If you go
• What: Blink Midwinter
• Where: 7020 Cole Court in northwestern Forsyth
• When: Now through Jan. 1; 5:30 to 10 p.m. Sunday-Thursday; 5:30 to 11 p.m. Friday and Saturday
• Online: blinkmidwinter.com
When approaching Cole Court, Christmas looks a little brighter.
The Campbell house has about 22,000 lights twinkling to music in what they call “Blink Midwinter.”
Dan Campbell said the show took about 200 hours in front of a computer to program, plus building the structures and setting up the lights.
Programming and building can go year-round, he said, and setup begins after Halloween.
Campbell said he got the idea to program the holiday show after visiting the nearby “Christmas in Cumming” light show on Larry Drum’s street in 2007.
In 2008, Campbell and his wife, Diane, created their first display with just white lights.
Over the years, the show has evolved into the thousands of colorful lights dancing to 17 minutes of music that can be heard on the radio.
Cars can park in the cul-de-sac of the northwestern Forsyth neighborhood to enjoy the show, Campbell said. He and his wife will direct traffic and visit with the guests.
“It’s pretty cool to talk to people, give them a candy cane, say ‘Merry Christmas’ and chat with them for a while,” Campbell said.
Last year, he noticed visitors often reaching for money, which he’d tell them to put away.
But this year, the Campbells decided to open up their show to a cause.
“We’re both animal lovers and she wanted to do something to help people and animals,” Campbell said. “So God just put on her heart to help Canine Assistants.”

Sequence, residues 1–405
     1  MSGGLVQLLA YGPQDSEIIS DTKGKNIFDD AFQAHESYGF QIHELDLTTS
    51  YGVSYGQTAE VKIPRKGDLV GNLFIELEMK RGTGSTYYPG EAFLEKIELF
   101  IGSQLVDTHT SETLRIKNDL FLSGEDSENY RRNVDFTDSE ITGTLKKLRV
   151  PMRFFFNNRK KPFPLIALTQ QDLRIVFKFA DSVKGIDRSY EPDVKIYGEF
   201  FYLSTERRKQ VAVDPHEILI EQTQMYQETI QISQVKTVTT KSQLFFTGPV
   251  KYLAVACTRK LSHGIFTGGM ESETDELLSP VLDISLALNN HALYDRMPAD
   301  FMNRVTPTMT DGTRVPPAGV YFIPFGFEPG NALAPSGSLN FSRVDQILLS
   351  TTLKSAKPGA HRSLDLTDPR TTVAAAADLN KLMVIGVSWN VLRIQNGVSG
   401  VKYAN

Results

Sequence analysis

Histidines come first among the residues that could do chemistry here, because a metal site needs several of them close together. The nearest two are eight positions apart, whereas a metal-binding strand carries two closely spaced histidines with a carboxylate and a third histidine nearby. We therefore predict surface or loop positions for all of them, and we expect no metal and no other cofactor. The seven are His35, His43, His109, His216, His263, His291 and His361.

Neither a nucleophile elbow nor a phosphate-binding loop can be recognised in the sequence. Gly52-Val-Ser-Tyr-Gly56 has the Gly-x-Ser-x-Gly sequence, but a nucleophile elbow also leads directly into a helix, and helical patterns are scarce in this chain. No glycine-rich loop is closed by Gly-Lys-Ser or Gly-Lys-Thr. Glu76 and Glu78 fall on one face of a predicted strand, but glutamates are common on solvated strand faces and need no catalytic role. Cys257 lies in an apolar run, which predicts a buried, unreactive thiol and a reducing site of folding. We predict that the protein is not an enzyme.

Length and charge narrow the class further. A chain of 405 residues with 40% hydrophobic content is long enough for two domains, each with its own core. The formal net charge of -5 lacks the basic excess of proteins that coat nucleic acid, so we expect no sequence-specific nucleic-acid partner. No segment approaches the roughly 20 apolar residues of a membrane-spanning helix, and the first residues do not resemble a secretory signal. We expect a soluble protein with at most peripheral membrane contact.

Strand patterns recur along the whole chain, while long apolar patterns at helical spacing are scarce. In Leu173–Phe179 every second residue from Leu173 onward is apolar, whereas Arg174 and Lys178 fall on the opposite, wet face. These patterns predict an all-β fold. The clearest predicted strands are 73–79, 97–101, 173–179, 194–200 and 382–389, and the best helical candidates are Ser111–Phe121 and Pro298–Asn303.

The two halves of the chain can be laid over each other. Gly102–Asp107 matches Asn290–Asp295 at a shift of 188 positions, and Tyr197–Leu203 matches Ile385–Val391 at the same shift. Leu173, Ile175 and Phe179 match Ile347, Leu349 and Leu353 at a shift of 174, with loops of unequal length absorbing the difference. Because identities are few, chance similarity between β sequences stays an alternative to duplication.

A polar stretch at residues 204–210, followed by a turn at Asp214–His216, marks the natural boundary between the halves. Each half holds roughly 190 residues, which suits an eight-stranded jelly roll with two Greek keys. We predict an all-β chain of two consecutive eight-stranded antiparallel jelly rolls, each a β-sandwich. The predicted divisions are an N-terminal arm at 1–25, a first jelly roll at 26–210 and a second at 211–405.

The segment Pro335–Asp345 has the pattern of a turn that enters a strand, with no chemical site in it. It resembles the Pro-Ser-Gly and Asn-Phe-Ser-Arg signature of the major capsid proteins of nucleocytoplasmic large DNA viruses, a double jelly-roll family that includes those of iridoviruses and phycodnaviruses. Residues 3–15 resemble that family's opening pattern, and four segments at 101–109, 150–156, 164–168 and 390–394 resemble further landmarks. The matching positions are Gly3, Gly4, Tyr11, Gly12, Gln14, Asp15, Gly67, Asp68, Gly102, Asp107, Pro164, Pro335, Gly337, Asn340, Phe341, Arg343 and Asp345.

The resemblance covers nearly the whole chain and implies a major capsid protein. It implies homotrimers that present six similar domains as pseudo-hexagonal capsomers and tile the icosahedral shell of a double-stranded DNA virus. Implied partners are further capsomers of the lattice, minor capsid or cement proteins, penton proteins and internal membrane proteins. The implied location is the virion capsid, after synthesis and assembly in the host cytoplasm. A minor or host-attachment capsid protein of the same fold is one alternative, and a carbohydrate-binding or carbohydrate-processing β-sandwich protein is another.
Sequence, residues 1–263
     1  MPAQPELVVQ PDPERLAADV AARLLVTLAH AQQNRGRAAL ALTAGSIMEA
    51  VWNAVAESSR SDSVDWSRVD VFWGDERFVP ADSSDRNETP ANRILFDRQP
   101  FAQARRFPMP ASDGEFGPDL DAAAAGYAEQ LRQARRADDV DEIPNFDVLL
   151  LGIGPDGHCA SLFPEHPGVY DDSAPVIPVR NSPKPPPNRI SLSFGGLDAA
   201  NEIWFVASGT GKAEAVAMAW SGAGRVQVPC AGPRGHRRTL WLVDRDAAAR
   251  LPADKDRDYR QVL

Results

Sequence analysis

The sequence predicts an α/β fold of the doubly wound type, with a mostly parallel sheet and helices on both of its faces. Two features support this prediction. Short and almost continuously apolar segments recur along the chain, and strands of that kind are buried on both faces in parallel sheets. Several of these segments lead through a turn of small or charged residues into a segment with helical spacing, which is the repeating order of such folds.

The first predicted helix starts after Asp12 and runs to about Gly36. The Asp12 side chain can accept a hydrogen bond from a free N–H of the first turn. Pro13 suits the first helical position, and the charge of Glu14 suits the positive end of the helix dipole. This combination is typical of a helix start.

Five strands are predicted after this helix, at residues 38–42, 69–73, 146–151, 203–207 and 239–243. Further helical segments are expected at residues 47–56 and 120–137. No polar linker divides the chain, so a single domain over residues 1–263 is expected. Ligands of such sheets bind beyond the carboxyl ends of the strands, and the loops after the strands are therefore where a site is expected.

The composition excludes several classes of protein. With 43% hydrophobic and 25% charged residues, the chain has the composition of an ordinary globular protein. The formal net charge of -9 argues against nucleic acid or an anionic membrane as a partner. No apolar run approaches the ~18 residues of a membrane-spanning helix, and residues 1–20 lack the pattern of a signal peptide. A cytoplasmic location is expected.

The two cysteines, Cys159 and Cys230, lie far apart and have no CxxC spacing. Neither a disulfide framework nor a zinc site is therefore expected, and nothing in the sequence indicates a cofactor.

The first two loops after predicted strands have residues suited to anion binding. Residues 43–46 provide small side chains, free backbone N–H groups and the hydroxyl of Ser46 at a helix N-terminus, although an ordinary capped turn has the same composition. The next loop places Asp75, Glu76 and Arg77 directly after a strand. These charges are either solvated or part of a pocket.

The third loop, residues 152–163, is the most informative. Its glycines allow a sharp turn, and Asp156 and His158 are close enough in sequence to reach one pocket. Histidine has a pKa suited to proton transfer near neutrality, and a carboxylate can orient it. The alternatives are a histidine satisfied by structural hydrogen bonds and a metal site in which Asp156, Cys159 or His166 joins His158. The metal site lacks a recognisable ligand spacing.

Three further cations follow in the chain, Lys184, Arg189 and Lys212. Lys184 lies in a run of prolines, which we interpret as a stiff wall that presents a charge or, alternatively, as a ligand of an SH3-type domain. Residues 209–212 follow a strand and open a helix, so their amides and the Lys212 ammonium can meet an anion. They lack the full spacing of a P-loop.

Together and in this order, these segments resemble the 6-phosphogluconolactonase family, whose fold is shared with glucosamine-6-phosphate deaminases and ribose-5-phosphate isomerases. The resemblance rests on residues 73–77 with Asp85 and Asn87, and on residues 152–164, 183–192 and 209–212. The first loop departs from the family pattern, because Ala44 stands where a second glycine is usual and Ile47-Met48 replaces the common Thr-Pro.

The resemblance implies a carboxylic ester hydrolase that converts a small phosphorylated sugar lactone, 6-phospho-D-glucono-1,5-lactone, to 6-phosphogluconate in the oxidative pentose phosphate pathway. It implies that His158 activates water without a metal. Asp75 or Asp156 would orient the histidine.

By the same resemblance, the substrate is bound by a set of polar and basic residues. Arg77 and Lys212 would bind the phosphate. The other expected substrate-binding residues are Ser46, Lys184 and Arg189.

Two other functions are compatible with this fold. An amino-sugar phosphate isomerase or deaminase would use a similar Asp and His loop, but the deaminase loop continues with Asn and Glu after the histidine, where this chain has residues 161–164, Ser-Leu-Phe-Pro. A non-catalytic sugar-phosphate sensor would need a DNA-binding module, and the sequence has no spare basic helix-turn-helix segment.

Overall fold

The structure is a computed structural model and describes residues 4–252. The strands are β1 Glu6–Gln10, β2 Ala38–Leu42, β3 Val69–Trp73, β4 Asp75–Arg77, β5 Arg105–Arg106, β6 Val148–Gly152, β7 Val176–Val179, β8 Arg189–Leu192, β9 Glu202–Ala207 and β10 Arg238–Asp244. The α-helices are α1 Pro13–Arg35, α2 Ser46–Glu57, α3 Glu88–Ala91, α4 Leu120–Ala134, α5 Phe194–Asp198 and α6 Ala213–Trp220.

The Alpharetta-based nonprofit trains service dogs for children and adults with physical disabilities, seizure conditions or other special needs.
Connie Buchanan of Canine Assistants said the organization has been a beneficiary of several types of charity events, but the Christmas light show is a first.
Representatives of the group brought golden retrievers Rabbit and Camilla out to “Blink Midwinter” earlier this week.
Ignoring the thousands of blinking lights (as their training teaches them), the dogs enjoyed the attention from passers-by.
Donations can be accepted in a bucket in the front yard, or on the show’s Web site.
The Campbells have plans to continue the show and possibly link two neighbors interested in joining.
Watching folks enjoying the display is Campell’s favorite part of creating Blink Midwinter.
“Some little kids just really get into it. They’re bouncing around and having a great time,” he said. “It’s just so cool sharing joy.”